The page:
Business and Legal Pitfalls in Web Development: Notes from Chris Gatewood's Talk at Wordcamp Richmond

Last month I attended Wordcamp Richmond and saw a great presentation by Christopher Gatewood entitled The Seven Business Pitfalls for Wordpress and Web Professionals. The talk was informative enough that I took copious notes, and I'm publishing them in the hopes that others will benefit. I've since gotten Chris to help me draft some agreements and can tell you he's a great resource for this kind of stuff.

The Seven Pitfalls

  1. Half + Half = Half
    • Getting half of the money up front doesn't track with the work
    • Always get money up front
    • Progress payments that track with feature deliveries
  2. Scope Creep
    • Bullet point list of scope
    • Define client and dev responsibilities
      • If you don't know what's IN scope, you don't know what's OUT of scope
    • No silent accommodations
      • Don't let out of scope work creep in without speaking up
      • Even if you don't charge, let them know it's out of scope
      • "Agreement or approval in writing, for which email will suffice"
      • Inaccurate contracts or agreements that don't reflect the way you work can be worse than nothing
  3. Subcontractor Cash Squeeze
    • Decide when payment takes place up front
    • Place this decision in agreement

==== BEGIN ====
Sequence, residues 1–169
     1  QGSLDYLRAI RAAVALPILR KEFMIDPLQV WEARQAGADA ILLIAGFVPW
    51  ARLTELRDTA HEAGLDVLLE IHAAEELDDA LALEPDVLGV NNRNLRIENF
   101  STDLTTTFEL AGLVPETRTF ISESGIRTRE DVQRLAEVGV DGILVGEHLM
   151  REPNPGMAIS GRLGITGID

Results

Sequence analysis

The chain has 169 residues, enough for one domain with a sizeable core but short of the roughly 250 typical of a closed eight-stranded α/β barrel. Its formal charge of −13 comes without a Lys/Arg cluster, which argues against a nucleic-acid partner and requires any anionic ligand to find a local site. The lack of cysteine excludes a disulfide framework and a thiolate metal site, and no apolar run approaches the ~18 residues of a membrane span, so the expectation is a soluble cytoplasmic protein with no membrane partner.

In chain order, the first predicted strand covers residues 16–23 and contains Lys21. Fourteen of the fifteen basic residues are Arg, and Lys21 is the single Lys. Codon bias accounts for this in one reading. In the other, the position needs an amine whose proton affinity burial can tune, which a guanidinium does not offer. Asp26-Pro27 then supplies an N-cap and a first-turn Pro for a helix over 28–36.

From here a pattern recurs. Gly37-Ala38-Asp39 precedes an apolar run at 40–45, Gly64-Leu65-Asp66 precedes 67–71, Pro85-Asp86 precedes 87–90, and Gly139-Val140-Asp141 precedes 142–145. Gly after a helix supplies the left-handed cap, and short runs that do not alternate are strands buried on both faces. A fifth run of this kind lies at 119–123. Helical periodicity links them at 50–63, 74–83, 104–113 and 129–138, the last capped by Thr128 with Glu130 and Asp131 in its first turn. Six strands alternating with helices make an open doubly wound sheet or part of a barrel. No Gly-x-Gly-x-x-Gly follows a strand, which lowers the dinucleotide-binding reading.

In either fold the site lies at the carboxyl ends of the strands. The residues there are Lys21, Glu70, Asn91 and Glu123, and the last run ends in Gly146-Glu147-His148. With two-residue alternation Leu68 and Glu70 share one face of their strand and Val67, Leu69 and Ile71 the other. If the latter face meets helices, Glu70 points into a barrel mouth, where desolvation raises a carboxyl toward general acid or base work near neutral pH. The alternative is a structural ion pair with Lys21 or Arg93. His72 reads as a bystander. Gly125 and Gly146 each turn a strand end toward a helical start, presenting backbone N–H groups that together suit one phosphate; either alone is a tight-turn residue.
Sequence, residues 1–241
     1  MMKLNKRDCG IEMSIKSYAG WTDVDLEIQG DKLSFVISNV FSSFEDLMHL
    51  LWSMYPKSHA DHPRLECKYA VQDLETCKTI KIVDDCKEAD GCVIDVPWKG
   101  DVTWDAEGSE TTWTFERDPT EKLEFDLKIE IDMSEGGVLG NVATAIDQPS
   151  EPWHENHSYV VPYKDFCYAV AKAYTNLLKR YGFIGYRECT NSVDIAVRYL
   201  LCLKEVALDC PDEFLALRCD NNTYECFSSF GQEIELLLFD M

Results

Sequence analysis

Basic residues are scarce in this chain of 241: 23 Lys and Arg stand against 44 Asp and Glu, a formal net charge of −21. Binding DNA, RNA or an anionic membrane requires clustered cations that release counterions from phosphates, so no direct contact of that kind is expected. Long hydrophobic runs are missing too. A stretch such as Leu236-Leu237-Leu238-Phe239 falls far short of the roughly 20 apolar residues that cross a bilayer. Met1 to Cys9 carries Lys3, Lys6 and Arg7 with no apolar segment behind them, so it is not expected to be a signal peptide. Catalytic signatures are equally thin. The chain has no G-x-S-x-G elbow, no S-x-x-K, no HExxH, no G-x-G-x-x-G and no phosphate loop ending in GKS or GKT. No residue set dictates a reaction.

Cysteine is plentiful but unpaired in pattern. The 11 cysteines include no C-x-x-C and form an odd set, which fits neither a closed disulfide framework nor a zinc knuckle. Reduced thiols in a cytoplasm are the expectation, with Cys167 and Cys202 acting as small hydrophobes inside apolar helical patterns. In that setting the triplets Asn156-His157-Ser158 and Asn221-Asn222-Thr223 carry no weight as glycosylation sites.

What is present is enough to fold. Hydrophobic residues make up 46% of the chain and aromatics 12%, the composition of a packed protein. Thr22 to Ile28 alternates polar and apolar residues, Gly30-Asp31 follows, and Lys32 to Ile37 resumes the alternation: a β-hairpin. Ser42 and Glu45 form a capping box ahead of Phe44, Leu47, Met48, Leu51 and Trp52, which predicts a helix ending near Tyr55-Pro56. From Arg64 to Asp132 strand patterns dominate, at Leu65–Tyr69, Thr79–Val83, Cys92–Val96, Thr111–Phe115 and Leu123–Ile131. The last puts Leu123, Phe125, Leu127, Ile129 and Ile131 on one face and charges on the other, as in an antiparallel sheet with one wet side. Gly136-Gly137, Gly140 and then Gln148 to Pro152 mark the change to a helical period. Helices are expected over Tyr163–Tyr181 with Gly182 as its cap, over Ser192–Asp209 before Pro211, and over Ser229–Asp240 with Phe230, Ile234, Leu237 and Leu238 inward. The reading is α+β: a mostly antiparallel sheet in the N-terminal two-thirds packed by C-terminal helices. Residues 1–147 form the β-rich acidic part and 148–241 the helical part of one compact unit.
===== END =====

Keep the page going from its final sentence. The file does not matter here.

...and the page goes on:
• Helps to decide not just timing but whether the payment occurs at all
  4. Stay in range
    • Incremental approvals
    • Wait for an email
    • Who has authority to sign off? Get 1 or 2 people whom you can copy on all communications.
    • Due dates suck, make sure delays are not your problem
    • Iterative dates stemming from previous iterations to prevent hard-coded calendar dates
  5. No free launch
    • Control and Rights
      • don't charge for delivery
      • make iterative releases to staging that YOU control
      • hosting not transferred to them until final payment
      • IP does not transfer until final payment (DMCA)
        • Your work includes a licensing component, be clear about it
        • Client doesn't "own" it until you're paid
    • After delivery, are you a priority?
      • Late fees
      • Interest charges
      • Attorney fees
      • Costs of collection
      • You can always use the carrot of waiving the fees
  6. Work in Progress
    • It's expensive
    • Invoice the silence
      • claim the right to invoice without getting communication
      • define the calculation of what would be owed
  7. Failure to Flex
    • Give recalcitrant or hard-up client options
      • Shrink scope
      • Pay in stages over time
    • Always good to work with client when possible to deliver and get paid
    • Get more money on the front end for risky, small clients
    • You need to consider that you may not get paid so try to limit exposure

Other stuff

Written on Friday, November 05, 2010 | Tags: law, intellectual-property, contracts, business, development